Recently, the U.S. Equal Employment Opportunity Commission (EEOC) announced that a nationwide convenience store chain agreed to pay $8 million to resolve pregnancy and disability discrimination claims. The settlement follows an EEOC investigation that found multiple charges of pregnancy and disability discrimination, as well as charges of retaliation. Earlier, in September 2022 alone, the EEOC filed an alarming three separate lawsuits across the country involving workplace disability discrimination.

Background of the Pregnancy and Disability Discrimination Claims

According to the EEOC investigation, the convenience store chain denied reasonable accommodations to pregnant employees and workers with disabilities, leading to charges of pregnancy and disability discrimination. Instead, the employer required that employees be “100% healed” in order to return to work. This practice constituted retaliation, as employees were put on involuntary unpaid leave or were outright terminated.

Disability and Pregnancy Status as Protected Classes

Title VII of the Civil Rights Act of 1964 (Title VII) prohibits discrimination on the basis of sex or gender. Title VII’s definition of this protected class expands to include sexual orientation, gender identity, and pregnancy-related conditions. The Pregnancy Discrimination Act of 1978 (PDA) amended Title VII and prohibits pregnancy discrimination in employment and harassment based on a pregnancy-related condition. Under the PDA, employees temporarily disabled related to pregnancy may take disability leave if the employer normally allows it in other situations. Finally, federal wage and hour law protects nursing mothers’ rights to break time for the purpose of expressing milk in the workplace.

Additionally, all businesses that are subject to a state, federal, or local law regarding disability discrimination must comply with their legal duty to reasonably accommodate qualified individuals with a disability. Coverage of the law breaks down thusly:

  • Employers with 15 or more employeesmust comply with the ADA, in addition to any applicable state or local laws.
  • Meanwhile, state or local law covers those with less than 15 employees. (Laws vary by state, city, or county.)

On the whole, employers must provide reasonable accommodations upon request. This applies whether the individual has or is “regarded as having” a qualifying condition. There are exceptions for instances where the requested modification poses an “undue hardship” for the business.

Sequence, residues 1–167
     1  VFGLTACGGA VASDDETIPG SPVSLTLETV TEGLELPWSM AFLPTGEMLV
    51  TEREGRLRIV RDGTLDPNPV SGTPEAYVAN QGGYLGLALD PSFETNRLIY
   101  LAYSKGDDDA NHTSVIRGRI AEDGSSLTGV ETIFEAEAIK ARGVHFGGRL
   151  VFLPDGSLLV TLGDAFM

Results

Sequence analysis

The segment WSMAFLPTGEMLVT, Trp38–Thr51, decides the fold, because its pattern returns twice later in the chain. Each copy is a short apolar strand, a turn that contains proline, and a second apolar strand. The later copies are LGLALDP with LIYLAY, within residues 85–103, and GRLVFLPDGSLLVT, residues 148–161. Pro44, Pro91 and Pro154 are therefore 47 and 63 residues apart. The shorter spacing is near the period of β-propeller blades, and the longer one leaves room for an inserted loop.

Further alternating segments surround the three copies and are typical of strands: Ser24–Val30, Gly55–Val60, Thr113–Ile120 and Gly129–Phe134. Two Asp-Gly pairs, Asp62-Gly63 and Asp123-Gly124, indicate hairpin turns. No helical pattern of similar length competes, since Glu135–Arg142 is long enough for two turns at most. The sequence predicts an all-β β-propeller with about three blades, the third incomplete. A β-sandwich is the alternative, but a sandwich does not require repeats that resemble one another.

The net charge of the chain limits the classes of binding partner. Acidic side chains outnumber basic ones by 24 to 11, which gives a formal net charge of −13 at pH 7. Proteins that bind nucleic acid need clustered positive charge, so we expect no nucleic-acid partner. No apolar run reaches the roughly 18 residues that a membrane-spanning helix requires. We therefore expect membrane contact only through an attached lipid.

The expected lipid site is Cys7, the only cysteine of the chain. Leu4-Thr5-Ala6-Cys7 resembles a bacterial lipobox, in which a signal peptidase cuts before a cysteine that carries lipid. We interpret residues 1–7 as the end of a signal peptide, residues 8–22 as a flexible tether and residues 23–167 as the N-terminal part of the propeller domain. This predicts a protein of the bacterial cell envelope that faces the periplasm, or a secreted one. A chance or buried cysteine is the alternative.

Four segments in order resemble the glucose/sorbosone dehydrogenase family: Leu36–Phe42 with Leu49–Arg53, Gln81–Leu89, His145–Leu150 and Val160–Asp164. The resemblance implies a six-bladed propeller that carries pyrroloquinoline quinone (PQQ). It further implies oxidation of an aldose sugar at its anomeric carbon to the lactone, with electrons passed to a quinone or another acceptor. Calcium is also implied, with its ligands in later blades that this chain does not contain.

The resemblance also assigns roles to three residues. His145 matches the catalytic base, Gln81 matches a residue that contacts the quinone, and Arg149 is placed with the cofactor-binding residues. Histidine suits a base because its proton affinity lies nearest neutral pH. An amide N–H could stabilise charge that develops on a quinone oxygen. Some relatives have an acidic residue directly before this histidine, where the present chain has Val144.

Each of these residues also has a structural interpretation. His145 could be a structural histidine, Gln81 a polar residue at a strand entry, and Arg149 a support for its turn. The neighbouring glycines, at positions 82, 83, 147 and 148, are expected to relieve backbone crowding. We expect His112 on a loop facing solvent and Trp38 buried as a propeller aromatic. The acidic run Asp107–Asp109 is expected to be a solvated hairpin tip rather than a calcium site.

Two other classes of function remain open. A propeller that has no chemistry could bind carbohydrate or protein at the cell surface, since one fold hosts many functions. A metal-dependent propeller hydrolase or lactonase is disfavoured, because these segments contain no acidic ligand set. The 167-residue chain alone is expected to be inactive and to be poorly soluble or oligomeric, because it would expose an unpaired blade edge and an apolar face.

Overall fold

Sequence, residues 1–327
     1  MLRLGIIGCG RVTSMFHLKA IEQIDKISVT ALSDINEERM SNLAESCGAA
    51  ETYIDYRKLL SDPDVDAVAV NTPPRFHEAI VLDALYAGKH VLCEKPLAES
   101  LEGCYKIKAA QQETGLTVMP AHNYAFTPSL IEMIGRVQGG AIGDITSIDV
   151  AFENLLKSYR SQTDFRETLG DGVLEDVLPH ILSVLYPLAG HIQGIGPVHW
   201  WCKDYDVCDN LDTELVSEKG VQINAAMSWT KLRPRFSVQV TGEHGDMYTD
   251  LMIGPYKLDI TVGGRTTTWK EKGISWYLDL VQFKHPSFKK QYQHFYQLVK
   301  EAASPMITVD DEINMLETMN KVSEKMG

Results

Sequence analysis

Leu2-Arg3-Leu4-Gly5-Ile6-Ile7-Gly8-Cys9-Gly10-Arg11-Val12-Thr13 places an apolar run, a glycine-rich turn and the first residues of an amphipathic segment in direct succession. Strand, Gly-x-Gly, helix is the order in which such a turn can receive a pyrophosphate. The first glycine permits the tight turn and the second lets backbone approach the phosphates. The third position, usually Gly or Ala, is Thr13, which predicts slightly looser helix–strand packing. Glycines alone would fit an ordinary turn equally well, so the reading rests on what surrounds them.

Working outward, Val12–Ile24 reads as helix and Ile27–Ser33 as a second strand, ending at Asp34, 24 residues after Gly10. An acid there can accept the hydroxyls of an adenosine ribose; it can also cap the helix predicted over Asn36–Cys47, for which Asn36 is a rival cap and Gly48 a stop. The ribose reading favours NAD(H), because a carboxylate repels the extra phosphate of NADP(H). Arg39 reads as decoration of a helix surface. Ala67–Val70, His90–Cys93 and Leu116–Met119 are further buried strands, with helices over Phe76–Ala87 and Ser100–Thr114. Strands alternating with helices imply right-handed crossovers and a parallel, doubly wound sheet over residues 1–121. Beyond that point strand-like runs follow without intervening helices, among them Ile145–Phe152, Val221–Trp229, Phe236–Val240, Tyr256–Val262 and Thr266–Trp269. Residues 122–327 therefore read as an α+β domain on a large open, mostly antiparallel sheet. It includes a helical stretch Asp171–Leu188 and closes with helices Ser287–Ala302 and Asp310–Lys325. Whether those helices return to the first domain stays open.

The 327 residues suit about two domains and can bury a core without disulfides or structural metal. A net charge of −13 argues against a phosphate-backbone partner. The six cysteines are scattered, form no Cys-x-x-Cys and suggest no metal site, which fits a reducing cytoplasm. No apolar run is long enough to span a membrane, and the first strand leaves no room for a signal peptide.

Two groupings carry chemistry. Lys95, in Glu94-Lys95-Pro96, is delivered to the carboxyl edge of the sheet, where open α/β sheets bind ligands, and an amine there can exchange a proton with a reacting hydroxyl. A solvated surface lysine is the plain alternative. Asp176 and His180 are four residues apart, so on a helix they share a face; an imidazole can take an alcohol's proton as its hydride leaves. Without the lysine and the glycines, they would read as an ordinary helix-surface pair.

Settlement in the Agreement

The convenience store chain entered into a nationwide pre-litigation agreement with the EEOC through the agency’s conciliation process. As a part of the agreement, the chain will pay $8 million to resolve the pregnancy and disability discrimination charges. The amount includes a class fund to compensate aggrieved individuals who worked for the employer from July 10th, 2009, to September 26th, 2022. Additionally, the chain agreed to:

  • update its anti-discrimination policies;
  • appoint a coordinator to provide oversight on those policies, as well as recordkeeping and the reasonable accommodation process;
  • train employees and managers on discrimination; and
  • require manager performance evaluations that focus on equal employment opportunity (EEO) law compliance.

The pre-litigation settlement will be in effect for four years. In the end, these kinds of pregnancy and disability discrimination claims often lead to lawsuits, either by the alleged victim or by a government agency acting on their behalf. However, understanding and following the reasonable accommodation process can prevent potentially costly mistakes.

The Reasonable Accommodations Compliance eLearning Program for Employers and Managers

To help business owners and their managers comply with reasonable accommodation laws, Personnel Concepts has introduced a comprehensive, interactive Reasonable Accommodations Compliance eLearning Program. This online eLearning module includes self-guided training on the reasonable accommodation process. Employers and managers also learn how to correctly handle disability accommodation requests. Markedly, employers can use the completion of the self-guided training as a defense in the event of a disability discrimination claim or an investigation by an enforcing government agency. In addition, employers receive links to digital resources (including forms, checklists, and a sample policy). Finally, users gain access to a digital, standalone interactive assessment tool to use whenever they receive a qualifying request. The interactive assessment tool conveniently guides employers through the reasonable accommodation process.